The largest changes in NCC 2019 can be found in J1.5, now a one-stop-shop for glazing and wall performance requirements for Class 2 (multiple dwelling unit) common areas, a Class 5 (Office), 6 (retail or restaurant), 7 (car park or warehouse), 8 (laboratory or manufacturing facility) or 9b (school) or 9a (health-care) and Class 3 (hotel or student accommodation), 9c (aged-care) or a Class 9a (health-care) ward areas.
Introducing new metrics and concepts to the Australian construction industry, J1.5 establishes both the minimum performance requirements for wall and glazing components of a wall-glazing construction and the methods needed to illustrate compliance against them.
By definition, a wall-glazing construction combines wall and glazing components of the envelope, excluding display glazing which is treated separately and opaque non-glazed openings. So, in other words, it combines the performance for 1) glazing and 2) walls to get single values for a ‘wall-glazing construction system’.
With various levels of stringency set as a function of when the building is typically occupied, wall-glazing performance requirements are broken up by Climate Zone and Building Class. Total System U-Value and Total R-value are the metrics of choice, creating an unnecessary complication for the industry as one is the inverse of the other!
In all Climate Zones, for a Class 2 common area, a Class 5, 6, 7, 8, 9a or 9b building other than a ward area, we now need to have a Total System U-Value ≤ U2.0 for a wall-glazing construction.
Expanding on the existing definition of Total System U-Value, a revised 2019 definition now states that thermal transmittance allows for the effect of thermal bridging. While it was already implied in 2016 but not categorically stated, when combined with the definition for glazing and that ‘supporting frames located in the envelope’ are to be included, this lays the foundation for an important change to the way we approach the thermal bridging associated to frames.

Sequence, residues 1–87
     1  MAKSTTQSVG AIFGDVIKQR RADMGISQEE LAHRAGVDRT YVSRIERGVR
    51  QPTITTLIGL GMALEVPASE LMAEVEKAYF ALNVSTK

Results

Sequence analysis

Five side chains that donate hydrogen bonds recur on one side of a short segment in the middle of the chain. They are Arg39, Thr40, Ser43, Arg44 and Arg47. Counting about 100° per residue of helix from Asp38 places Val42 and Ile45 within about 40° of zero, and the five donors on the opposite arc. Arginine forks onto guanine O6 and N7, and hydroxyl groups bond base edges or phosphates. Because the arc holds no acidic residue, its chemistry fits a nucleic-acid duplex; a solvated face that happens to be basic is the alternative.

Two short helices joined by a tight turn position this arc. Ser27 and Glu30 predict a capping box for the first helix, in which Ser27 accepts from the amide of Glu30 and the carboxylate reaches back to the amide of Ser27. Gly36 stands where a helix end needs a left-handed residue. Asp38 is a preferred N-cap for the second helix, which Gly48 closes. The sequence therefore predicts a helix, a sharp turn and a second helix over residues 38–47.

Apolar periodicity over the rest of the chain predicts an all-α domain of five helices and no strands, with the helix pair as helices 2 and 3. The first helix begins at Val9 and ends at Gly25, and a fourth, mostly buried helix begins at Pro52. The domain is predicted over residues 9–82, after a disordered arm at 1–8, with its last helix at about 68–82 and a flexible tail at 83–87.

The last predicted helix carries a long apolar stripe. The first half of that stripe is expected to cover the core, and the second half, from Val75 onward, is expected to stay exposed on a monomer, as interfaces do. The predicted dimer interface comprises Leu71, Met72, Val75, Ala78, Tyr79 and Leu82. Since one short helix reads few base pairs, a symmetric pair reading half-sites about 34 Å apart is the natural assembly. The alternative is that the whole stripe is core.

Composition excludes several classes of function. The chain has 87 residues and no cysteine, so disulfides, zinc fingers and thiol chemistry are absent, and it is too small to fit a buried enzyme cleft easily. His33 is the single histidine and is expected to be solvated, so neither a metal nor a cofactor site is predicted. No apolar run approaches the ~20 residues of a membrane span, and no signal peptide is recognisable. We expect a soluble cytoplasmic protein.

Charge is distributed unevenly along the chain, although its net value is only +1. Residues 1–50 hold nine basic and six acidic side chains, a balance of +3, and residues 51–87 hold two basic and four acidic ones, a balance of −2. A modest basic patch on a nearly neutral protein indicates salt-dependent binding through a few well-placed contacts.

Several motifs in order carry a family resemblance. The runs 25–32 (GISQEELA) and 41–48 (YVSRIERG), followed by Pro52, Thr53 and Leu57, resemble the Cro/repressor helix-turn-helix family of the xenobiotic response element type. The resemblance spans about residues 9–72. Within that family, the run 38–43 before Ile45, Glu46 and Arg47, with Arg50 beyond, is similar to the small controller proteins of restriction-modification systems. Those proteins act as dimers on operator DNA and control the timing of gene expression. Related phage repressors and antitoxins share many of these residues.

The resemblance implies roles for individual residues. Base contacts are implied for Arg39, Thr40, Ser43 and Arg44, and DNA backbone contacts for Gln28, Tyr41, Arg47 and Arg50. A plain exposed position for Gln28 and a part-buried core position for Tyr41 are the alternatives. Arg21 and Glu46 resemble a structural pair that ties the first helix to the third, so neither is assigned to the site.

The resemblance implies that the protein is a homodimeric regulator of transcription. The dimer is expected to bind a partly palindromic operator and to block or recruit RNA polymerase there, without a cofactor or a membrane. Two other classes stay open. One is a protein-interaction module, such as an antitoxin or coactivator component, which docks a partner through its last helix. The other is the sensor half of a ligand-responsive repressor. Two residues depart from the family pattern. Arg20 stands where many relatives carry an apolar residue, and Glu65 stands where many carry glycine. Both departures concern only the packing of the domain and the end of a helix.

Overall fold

For Class 3, 9c or a Class 9a ward area building, performance requirements vary by Climate Zone, from the most stringent requirements in alpine areas (Total System U-Value ≤ U0.9), less stringent requirements in warm temperate climates such as Sydney, Brisbane and Perth (Total System U-Value ≤ U2.0) to somewhere in between for all other climates (Total System U-Value ≤ U1.1). The Total System U-Value of display glazing falls outside the wall-glazing construction definition, is unambitious and set to be not greater than a Total System U-Value U5.8.
As for the wall components of the wall-glazing construction, thermal backstops to the performance of wall systems have now been introduced, whether they are spandrels within a curtain wall system or a more typical precast, timber or masonry wall build-up.
- Where the wall is less than 80% of the area of the wall-glazing construction, we get a Total R-value performance requirement in all Climate Zones and Building Classes of R1.0. Given that most spandrels will not meet this value without being thermally broken, this is a game-changer!
- More than 80% wall area, then we are again subject to variable requirements as set by Climate Zone and Building Class. Again, the 2019 definition now includes thermal bridging. Do you see the trend? Thermal bridging folks!
In all climates except sticky ol’ Darwin, for a Class 2 common area, a Class 5, 6, 7, 8, 9b or 9a building other than a ward area, we now need to have a Total R-value ≤ 1.4 while the constant heat of Top End gets a significant jump up to a Total R-value ≤ 2.4.
As for Class 3, 9c or a Class 9a ward area, we get more variable Total R-value performance requirements that broadly align to that set by the Total System U-Value performance requirement. So, alpine regions along with Darwin remain the most stringent (Total R-Value ≥ U3.8 and U3.3), Sydney, Brisbane and Perth are the most lenient (Total R-Value ≥ 1.4), while Melbourne, Canberra, Hobart are somewhere in between (Total R-Value ≥ 2.8).